On July 25, 2017, the New Jersey Medicinal Marijuana Program Review Panel revealed an initial recommendation to add migraines, Tourette’s Syndrome, chronic pain and anxiety to the list of qualifying conditions for those seeking medical marijuana treatment in the Garden State.
“The Initial Recommendation to grant petitions is based on the Panel’s finding that the conditions involved are debilitating and that medicinal marijuana is more likely than not to have the potential to be beneficial to treat or alleviate the debilitation associated with the conditions,” the panel explained to Health Commissioner Cathleen Bennett in its recommendation letter.
According to the recommendation, 45 petitions—each supported by peer-reviewed publications—were presented to the panel for consideration in an effort to determine whether more conditions should be added to the qualifying conditions list for the New Jersey Medicinal Marijuana Program.
“We are glad to see that the panel took the testimony of experts and the petitions of New Jerseyans seriously in making their recommendation to add chronic pain and other conditions to the list of qualifying conditions for medical marijuana,” said Roseanne Scotti, New Jersey State Director of the Drug Policy Alliance.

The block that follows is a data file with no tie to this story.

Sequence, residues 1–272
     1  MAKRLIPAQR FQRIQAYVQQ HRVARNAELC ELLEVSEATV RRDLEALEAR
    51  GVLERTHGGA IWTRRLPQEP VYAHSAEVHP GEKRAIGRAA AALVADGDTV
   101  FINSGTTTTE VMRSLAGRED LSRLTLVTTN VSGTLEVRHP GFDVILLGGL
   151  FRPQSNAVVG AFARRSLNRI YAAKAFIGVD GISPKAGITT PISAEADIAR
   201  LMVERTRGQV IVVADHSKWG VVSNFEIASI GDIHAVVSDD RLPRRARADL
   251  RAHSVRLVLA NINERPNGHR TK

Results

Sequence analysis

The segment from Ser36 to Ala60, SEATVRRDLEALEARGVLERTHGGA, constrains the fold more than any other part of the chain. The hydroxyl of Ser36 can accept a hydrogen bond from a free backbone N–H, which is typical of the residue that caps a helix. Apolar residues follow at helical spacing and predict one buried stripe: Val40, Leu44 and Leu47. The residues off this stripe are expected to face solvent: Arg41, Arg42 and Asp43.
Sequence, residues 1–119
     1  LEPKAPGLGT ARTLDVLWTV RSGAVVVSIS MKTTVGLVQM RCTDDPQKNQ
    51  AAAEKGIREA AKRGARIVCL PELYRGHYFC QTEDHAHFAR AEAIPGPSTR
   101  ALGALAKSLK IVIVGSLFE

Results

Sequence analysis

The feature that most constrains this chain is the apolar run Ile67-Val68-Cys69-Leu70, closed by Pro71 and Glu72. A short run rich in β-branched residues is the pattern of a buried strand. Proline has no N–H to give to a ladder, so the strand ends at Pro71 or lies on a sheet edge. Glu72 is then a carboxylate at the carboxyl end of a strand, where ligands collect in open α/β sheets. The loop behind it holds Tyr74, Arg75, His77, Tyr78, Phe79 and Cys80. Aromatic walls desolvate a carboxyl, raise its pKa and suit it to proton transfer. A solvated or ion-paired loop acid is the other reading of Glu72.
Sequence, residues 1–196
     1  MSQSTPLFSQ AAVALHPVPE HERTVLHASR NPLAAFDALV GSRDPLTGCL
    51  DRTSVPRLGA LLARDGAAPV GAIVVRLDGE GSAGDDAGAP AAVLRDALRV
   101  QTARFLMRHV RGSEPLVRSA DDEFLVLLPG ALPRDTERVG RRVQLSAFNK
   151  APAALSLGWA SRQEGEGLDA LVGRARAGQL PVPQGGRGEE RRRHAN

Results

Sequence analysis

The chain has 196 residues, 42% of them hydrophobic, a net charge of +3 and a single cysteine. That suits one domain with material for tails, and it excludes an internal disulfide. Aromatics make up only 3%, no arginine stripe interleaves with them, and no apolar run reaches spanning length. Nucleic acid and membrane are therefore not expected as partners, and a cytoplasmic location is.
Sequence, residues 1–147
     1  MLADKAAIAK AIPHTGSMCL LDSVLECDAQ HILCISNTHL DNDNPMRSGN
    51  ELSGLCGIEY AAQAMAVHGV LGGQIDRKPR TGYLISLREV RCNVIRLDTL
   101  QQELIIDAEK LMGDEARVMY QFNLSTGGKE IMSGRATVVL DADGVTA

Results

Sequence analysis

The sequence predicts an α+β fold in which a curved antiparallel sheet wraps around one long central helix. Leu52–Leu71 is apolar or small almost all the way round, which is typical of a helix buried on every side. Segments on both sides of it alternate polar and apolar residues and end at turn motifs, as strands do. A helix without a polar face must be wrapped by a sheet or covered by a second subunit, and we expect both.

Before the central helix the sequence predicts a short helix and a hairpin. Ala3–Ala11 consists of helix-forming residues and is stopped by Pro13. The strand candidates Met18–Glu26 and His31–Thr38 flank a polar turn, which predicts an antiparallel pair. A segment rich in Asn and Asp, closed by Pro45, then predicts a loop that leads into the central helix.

While the panel asked Bennett to add chronic pain, anxiety, Tourette’s Syndrome and migraines to the list of eligible conditions, it also asked her to deny asthma and chronic fatigue from being added.
The recommendation is not final as New Jersey’s Department of Health will take public comments for 60 days, as well as hold a public hearing within that time frame.
“As New Jersey continues dealing with problematic opioid use in our state, expanding the medical marijuana program to include chronic pain is a real solution that can be immediately implemented,” Scotti said.
After the 60-day comment period, Bennett will be the deciding factor on whether to add any of the proposed conditions to the New Jersey Medicinal Marijuana Program’s list of qualifying conditions.